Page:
Your friends want to plan a weekend at the beach, but it falls right on the heaviest days of your period. Do you have to cancel plans? The short answer is no. But if you’ve got questions about marine life and your period, you’re not the first to ask.
We aren’t sure where the rumor started, but it seems like a time-honored belief that swimming in the ocean while on your period can attract sharks. If you’re afraid of booking that beach bungalow because of your monthly cycle, we’re here to give you peace of mind.
Let’s “dive” into a discussion about your period, shark attacks, and whether or not swimming on your period will make you a shark snack.
Facts About Your Period
Some of the confusion around shark attacks and periods comes from a misunderstanding of how your period works. Even if you’ve had your period for a long time, you still might not know some of the basics. Let’s look at a few facts you should know.
1. Your Period Isn’t Just Blood
Many of us wrongly believe that our period flow is just blood, but that isn’t the case. Your monthly period is made up of three main fluids: blood, vaginal fluid, and cells shed from the lining of your uterus. Only about half of your period flow is blood.
2. Your Period Is a Lot Less Than You Think
Sometimes it seems like your period flow is more like a waterfall than a constant trickle, but in reality, your period flow is a lot less than you think.
On average, you’ll lose about three tablespoons of menstrual fluid every period. Even a heavy period will usually only produce about four tablespoons. It may seem like you’re floating down a red river, but that just isn’t the case.
If, however, you know your period is heavier than three to four tablespoons of flow each month, it’s a good idea to talk to your doctor. Sometimes, a heavy period is just normal for your body. It could be an indication of something else, or there might be a way to have lighter periods.
It’s Perfectly Safe To Swim on Your Period
Over the decades there have been some crazy ideas about what’s dangerous on your period. In fact, in the 50’s and 60’s, women didn’t wash their hair while on their periods. Thankfully, today we know that it’s safe to wash your hair (and every other part of your body) when you’re on your period.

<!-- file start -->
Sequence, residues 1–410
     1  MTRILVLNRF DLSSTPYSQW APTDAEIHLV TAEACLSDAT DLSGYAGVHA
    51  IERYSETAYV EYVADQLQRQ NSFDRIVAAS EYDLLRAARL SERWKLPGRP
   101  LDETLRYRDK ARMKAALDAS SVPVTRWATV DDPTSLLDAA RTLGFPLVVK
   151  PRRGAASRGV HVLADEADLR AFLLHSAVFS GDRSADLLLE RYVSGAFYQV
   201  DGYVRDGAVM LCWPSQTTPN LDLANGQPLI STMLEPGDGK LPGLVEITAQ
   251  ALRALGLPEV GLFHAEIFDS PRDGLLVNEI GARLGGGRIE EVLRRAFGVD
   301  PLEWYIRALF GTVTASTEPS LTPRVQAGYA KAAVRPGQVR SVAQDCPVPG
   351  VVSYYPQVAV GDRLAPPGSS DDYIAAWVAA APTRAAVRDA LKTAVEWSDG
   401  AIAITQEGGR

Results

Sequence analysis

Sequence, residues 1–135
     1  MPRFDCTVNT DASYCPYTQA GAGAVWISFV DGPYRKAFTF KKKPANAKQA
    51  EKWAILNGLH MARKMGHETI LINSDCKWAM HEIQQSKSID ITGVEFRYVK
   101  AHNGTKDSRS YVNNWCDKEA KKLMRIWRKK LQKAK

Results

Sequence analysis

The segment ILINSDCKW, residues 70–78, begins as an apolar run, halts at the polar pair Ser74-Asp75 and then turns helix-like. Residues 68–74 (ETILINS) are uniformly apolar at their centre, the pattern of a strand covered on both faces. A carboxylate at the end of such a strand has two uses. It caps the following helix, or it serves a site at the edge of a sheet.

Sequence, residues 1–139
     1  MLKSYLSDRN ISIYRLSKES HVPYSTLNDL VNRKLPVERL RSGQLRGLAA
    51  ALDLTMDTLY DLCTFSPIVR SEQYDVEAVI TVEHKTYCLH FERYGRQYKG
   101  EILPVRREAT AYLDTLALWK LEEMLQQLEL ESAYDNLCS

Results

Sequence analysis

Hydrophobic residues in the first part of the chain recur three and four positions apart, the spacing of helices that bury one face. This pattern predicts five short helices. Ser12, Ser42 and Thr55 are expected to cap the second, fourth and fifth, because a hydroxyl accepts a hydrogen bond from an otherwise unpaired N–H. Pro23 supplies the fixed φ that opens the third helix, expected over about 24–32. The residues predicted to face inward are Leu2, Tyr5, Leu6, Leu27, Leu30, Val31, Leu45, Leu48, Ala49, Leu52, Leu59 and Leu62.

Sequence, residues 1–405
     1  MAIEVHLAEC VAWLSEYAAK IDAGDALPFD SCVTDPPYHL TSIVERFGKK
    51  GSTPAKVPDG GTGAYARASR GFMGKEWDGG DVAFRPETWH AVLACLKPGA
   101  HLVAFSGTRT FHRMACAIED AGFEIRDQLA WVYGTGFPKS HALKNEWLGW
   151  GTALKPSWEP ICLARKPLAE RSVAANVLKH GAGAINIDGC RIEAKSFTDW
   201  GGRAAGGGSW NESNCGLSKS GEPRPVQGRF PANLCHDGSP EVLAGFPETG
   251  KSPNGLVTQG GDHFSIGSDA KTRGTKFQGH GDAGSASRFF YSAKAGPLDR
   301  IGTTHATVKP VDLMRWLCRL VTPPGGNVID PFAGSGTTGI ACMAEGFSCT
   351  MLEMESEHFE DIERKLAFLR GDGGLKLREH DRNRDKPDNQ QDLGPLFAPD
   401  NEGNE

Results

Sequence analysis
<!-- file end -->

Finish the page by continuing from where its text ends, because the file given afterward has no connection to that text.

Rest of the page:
It’s also safe to swim while on your period, if you use proper protection. There’s no safety risk to you if you decide to swim on your period, just like there’s no risk if you wash your hair on your period.
Facts About Sharks
We aren’t marine biologists, but we contacted the experts to find out some basic facts about sharks and how they react to blood (especially the kind you have on your period).
1. Sharks Can Detect Blood Very Easily
Sharks have larger olfactory glands than humans, and can detect even small amounts of blood from far away. In fact, great white sharks can detect a single drop of blood within a three mile radius.
The point is that if there is blood in the water, a shark can sense it. Even if you have a small cut on your finger or a jagged cuticle, the blood is detectable by a shark. However, it’s important to keep in mind that you aren’t the only life form swimming in the water.
When you are swimming in the ocean you are surrounded by scores of fish and other marine animals, which are also detectable by a nearby shark.
2. Sharks Can Detect Other Bodily Fluid
Sharks don’t just detect blood, they can detect other bodily fluids, like urine. They can also detect secretions made by fish and marine plants. Just because a shark can sense these secretions does not mean the shark recognizes it as a food source.
Sharks don’t consider humans part of their diets. They’d much rather prey on fish and other ocean life than attempt to attack a human.
Shark Attacks Are Rare
Your chances of being attacked by a shark are pretty slim. In fact, the average yearly shark attack rate worldwide is around 80. Sharks just aren’t interested in attacking people. They’d much rather consider more vulnerable prey.